Experts say new data showing New Zealand’s air quality is ranked as one of the world’s highest will contribute to an elevated risk of skin cancer for thousands of skiers this season.
According to latest air quality data from Yale and Columbia Universities, New Zealand has the world’s seventh cleanest air when compared with 180 countries; however dermatologists say the lack of pollution significantly increases exposure to UV – particularly at altitude.
New Zealand also has the world’s highest rates of melanoma with 4,000 Kiwis diagnosed and over 350 dying from this form of cancer every year.
Around 318,000 New Zealanders ski or snowboard each year and local ski fields are set to open for the 2022 season within the coming days.
Dr Niyati Sharma, MoleMap dermatologist, says research shows UV exposure on a New Zealand ski field is up to 30 per cent higher than at sea level.
She says most skiers are unaware of the level of elevated risk they face for every hour spent on the mountain.
“What we know about leisure activities at altitude is that there is decreased atmospheric shielding from UV radiation, which leads to significantly more UV exposure than at sea level.
“For every 1000m increase in altitude the UV radiation level will increase about 10 per cent. New Zealand’s highest ski field is over 2300m and the peak exposure levels could be three times higher than at sea level.
“This means the level of UV exposure while skiing in the winter is equivalent to playing a round of golf in the summer.
“Unfortunately for many of us, winter is synonymous with less sun which tends to lead to a high level of complacency among regular skiers.
“The reality is that UV exposure levels are much more damaging at altitude than most skiers would realise,” she says.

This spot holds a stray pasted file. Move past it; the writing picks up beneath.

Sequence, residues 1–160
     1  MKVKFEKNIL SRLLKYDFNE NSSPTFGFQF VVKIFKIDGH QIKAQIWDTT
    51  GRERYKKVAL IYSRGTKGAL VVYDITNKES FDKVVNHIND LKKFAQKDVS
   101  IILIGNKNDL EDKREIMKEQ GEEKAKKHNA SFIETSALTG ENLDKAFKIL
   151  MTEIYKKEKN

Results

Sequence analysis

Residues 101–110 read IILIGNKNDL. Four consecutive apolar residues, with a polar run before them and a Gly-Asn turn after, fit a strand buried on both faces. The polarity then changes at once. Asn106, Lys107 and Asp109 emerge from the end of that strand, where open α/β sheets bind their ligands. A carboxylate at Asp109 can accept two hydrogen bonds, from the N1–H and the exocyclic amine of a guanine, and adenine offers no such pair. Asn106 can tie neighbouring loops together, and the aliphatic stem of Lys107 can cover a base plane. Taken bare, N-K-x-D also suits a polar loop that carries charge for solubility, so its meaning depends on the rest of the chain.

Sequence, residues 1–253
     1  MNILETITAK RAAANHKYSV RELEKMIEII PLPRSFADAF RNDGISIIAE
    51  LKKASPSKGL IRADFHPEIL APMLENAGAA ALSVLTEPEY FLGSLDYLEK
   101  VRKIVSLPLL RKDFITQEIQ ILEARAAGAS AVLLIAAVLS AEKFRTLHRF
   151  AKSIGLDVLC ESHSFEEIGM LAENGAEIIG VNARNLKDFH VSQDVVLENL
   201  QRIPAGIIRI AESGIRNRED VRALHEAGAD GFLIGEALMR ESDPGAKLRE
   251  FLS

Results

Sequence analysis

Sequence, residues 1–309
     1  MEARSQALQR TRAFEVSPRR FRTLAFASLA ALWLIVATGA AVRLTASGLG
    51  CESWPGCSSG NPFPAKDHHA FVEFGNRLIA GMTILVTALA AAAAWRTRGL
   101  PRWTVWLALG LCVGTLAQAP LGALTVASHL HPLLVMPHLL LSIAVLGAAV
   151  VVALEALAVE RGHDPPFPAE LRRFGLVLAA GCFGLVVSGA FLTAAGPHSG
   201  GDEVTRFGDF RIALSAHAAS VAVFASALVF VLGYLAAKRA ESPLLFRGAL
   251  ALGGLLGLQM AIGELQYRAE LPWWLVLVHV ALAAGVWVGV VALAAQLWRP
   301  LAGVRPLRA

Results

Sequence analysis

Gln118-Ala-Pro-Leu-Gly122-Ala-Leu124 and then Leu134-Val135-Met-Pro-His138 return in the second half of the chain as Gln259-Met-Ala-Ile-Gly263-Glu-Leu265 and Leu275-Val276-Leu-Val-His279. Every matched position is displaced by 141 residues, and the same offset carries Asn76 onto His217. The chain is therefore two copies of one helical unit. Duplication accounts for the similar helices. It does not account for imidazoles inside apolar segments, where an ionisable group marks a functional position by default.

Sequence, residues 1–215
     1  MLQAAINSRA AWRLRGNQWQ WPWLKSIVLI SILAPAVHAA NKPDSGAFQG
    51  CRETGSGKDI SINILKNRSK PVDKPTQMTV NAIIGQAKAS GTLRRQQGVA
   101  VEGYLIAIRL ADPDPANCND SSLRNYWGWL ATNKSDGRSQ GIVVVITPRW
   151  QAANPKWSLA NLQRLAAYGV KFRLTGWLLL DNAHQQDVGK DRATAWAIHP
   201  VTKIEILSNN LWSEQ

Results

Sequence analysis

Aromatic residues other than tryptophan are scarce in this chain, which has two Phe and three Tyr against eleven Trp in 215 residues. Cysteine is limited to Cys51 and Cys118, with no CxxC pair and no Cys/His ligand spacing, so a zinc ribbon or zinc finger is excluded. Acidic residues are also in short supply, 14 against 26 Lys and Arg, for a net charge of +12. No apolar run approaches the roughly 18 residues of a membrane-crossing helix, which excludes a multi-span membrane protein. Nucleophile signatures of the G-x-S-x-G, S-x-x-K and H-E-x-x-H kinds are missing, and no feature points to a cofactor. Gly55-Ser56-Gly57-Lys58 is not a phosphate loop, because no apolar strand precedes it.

Dr Sharma says research shows the surface of snow acts as a mirror reflecting up to 80 per cent of the sun’s rays back at us – intensifying the levels of UV absorbed through the skin.
“We know that spending time around reflective surfaces like snow and ice means you are getting up to 200 per cent more harmful UV exposure than at the beach.
“This can result in permanent damage to areas of the upper torso not commonly exposed to UV – such as the underside of the chin.
“Research has found that those who work on ski fields and spend long periods of time at altitude have higher rates of actinic keratosis, a precancerous lesion found on sun-damaged skin, than the general population – which tends to highlight the risk, skiers may face,” she says.
Dr Sharma says it is important to mitigate the exposure to UV by protecting your skin and eyes.
“There are a range of ways skiers can protect themselves this winter: the most fundamental of which includes using a good quality sunscreen with maximum SPF you can buy plus a SPF lip balm and UV protective eye gear.
“Even while skiing, sweat will reduce the effectiveness of sunscreen and so it is important to reapply it every two hours, even if you have a water resistant one.
“To help prevent ocular melanoma and cataracts, it is also recommended that skiers use wraparound goggles that are labelled as UV protective – rather than sunglasses which can let reflective UV in and also make sure they cover their neck with clothing that is UV rated,” she says.
Dr Sharma says the earth’s elliptical orbit means country’s are exposed to more sunlight than Northern Hemisphere counterparts.
“We know that New Zealanders are already seeing around 13 per cent more UV exposure than the countries above the equator on the equivalent latitude – along with the clean air and our outdoor lifestyles it is one of the reasons we have the world’s highest prevalence of skin cancer.
“It is essential that Kiwis, particularly those with common risk factors such as fair skin, red or blond hair or a history of sun damage get screened regularly to prevent the development of melanoma.
“This can be done by your GP or through a skin cancer surveillance service such as MoleMap,” she says.